The Congressional Progressive Caucus PAC has endorsed Nina Turner, a former Ohio state senator and co-chair of Sen. Bernie Sanders’s 2020 presidential campaign, for Congress.
Turner’s campaign to replace former Rep. Marcia Fudge, who was recently confirmed as secretary of the Department of Housing and Urban Development, has so far gained the most traction among the Democratic candidates in Ohio’s 11th Congressional District. In addition to a number of high-profile endorsements, she raised more than $1 million during the first few months of her campaign.
The endorsement from the CPC PAC comes the year after the group launched its first independent expenditure to support progressive candidates in contested primaries. Before then, the CPC had endorsed in some races but otherwise stayed largely on the sidelines as the Democratic Congressional Campaign Committee went all-in for centrist candidates running against progressives. The CPC PAC was the first and biggest group to spend for first-term Rep. Mondaire Jones last cycle and helped push the New York Democrat to victory in a crowded field of better-funded candidates. They also backed Kara Eastman in Nebraska, Beth Doglio in Washington, and Dana Balter in New York, all of whom lost their races. The PAC declined to comment on whether it would launch an independent expenditure for Turner this cycle.
“It’s something new,” CPC PAC co-chair Rep. Mark Pocan of Wisconsin told The Intercept. The PAC has more than doubled its fundraising over the last several cycles and is “trying to have a bigger influence, especially in primaries, to help elect progressives so that we’ll have more people advocating for some of the core values” of the caucus, such as a Green New Deal, helping workers form unions, and sensible immigration policy, Pocan said.
Turner is running on a platform that includes a federal $15 minimum wage, Medicare for All, and free college. The support from the CPC PAC comes on the heels of several other high-profile endorsements, including from Rep. Alexandria Ocasio-Cortez, D-N.Y.; the Service Employees International Union, or SEIU; and the Retail, Wholesale and Department Store Union, which is helping workers at Amazon in their push to unionize and is part of the larger United Food and Commercial Workers union.
Turner has worked closely with members of the CPC and, specifically, members of the Squad. In addition to Ocasio-Cortez, Reps. Ilhan Omar, CPC whip; Rashida Tlaib, CPC vice chair; and Cori Bush, CPC deputy whip, have all endorsed her.
Turner is also close to Rep. Ro Khanna, another CPC deputy whip and former vice chair, who endorsed her in December and with whom she co-chaired Sanders’s 2020 campaign. Shortly after Turner launched her campaign, Pocan sent her a text asking what he could do to help, he told The Intercept.
“We’re certainly building a very strong foundation,” Turner said in an interview. “It has been rare that the progressive candidate has the energy out the gate, but that is true for our campaign. And it is due overwhelmingly because of the work that I’ve been doing all across the country for the last six years on behalf of this movement.”
The endorsement from the CPC PAC is a nod to Turner’s advocacy on issues facing the working class and an acknowledgement of her relationships with leaders of the caucus from her time on the Sanders campaign, as a state senator, and as an activist.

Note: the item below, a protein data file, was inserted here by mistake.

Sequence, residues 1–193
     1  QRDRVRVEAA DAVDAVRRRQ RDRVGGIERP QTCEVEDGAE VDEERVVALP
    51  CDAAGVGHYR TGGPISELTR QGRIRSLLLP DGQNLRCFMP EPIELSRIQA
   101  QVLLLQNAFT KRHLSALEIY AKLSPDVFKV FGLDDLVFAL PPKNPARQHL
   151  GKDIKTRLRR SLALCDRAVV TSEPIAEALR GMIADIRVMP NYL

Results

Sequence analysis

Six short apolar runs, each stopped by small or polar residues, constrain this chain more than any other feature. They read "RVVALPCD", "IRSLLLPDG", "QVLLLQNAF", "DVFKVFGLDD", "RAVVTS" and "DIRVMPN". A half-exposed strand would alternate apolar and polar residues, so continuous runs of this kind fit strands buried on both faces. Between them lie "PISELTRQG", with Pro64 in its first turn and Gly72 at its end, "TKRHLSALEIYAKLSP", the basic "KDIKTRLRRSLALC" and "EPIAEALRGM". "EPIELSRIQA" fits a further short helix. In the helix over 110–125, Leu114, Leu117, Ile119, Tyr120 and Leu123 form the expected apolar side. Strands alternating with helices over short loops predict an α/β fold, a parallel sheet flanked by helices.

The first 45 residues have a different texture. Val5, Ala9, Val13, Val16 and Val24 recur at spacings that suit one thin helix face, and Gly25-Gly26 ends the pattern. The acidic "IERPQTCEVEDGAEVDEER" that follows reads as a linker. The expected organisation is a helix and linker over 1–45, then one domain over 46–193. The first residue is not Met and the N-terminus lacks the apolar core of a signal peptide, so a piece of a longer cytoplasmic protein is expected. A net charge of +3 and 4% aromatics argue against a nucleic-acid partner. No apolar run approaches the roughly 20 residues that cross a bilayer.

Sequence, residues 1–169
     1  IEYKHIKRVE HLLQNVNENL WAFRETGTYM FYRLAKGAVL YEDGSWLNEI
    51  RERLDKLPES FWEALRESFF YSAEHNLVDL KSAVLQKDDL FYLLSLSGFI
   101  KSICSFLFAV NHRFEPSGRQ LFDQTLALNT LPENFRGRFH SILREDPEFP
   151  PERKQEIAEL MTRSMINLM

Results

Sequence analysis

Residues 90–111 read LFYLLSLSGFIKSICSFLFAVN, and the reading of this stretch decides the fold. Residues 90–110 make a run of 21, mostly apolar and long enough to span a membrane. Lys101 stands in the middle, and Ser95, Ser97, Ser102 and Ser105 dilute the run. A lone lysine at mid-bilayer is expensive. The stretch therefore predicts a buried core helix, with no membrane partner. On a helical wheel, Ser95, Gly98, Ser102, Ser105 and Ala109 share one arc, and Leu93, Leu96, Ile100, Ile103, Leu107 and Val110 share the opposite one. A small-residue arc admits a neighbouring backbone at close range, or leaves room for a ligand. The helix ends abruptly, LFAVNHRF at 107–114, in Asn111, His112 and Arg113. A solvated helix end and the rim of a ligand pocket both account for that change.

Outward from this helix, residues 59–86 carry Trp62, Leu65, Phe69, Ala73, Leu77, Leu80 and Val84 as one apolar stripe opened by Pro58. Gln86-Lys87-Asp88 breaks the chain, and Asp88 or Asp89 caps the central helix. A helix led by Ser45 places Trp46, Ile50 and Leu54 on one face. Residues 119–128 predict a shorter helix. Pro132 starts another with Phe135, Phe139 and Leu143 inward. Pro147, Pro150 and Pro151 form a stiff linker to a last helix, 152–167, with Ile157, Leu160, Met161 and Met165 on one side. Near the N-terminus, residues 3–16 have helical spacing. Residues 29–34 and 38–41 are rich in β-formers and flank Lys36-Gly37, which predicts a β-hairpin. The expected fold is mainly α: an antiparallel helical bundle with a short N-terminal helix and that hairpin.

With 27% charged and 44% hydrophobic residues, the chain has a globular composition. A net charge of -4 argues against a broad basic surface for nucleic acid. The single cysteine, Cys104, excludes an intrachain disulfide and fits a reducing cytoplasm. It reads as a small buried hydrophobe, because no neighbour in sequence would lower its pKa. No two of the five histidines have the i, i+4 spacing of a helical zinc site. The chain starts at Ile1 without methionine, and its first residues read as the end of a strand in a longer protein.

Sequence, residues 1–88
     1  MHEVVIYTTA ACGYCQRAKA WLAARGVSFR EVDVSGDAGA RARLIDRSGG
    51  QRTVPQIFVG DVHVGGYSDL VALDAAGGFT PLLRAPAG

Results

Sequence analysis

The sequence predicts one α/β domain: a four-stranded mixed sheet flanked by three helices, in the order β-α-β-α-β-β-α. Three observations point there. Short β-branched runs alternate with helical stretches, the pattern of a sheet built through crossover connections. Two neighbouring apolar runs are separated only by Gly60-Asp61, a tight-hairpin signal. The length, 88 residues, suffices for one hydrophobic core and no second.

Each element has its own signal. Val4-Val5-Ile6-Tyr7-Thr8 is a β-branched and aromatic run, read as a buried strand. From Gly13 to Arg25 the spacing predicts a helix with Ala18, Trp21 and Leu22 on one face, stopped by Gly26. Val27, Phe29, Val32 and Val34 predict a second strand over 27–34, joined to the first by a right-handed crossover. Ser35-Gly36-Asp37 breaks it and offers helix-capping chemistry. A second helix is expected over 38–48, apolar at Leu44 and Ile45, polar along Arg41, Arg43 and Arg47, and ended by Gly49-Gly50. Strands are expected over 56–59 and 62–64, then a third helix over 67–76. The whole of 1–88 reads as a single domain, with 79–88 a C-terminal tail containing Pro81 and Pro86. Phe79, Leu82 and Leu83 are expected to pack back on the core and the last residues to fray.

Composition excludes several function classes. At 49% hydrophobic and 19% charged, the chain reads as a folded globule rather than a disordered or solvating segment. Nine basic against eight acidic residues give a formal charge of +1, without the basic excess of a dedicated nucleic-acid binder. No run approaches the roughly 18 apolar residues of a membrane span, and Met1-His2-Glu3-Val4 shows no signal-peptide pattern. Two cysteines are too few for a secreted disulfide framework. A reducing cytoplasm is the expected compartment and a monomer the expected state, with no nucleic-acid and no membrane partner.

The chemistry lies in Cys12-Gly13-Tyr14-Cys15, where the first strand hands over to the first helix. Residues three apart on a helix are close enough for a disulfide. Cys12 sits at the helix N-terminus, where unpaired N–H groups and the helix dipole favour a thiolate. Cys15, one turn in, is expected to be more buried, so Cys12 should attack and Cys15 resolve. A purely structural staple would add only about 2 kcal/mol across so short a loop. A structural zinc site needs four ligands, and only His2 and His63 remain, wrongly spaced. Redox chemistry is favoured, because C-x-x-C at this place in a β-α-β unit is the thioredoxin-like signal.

“Not a lot of people are organizers coming into Congress,” Pocan said. “I think half of Congress are lawyers. A lot of folks are very wealthy. But we don’t have a lot of people who come with that background, and yet that’s really what we need so often.” To have someone who understands the “inside-outside strategy” of bringing national movements into congressional politics in Turner “is very significant,” he added.
“That momentum that we are building is connected to something. This is not just happening out of nowhere.”
Turner started thinking about running for the seat in 2008, she told The Intercept. If elected, she plans to help the caucus continue growing its power, pushing the same policies she’s platforming in her “opportunity agenda,” which focuses on improving conditions for working people, women, and people of color.
Turner’s campaign has also been backed by a number of union groups and local organizations, including the Bakery, Confectionery, Tobacco Workers, and Grain Millers International Union Local 19, which was the first union to endorse her, the Amalgamated Transit Union, and the International Association of Black Professional Firefighters. “That momentum that we are building is connected to something,” Turner said. “This is not just happening out of nowhere.”
One of Turner’s opponents in the Democratic primary, Shontel Brown, leads the Cuyahoga County Democratic Party and had Fudge’s support when she ran for that position. Brown has backing from a number of local elected officials and unions, including Rep. Joyce Beatty; the International Union of Painter and Allied Trades; the International Association of Sheet Metal, Air, Rail, and Transportation Workers, or SMART; Akron Mayor Dan Horrigan; and Ohio state Reps. Kent Smith and Terrence Upchurch. Brown is also backed by the PAC for the Democratic Majority for Israel, a pro-Israel political organization that seeks to suppress criticism of Israel from progressives by targeting primary challenges against pro-Israel officials. DMFI PAC endorsed Brown in February and has attacked Turner for helping to “lead the unsuccessful effort to make the Democratic platform less pro-Israel.”
Brown has raised $500,000 to date, according to her campaign. Meanwhile, state Sen. Jeff Johnson, who is also running for the seat, had raised $5,700 as of December 31, according to FEC records. Other people are exploring bids as well.
The congressional seat will remain vacant until a special election takes place in November. Primary elections for the 11th District take place in August.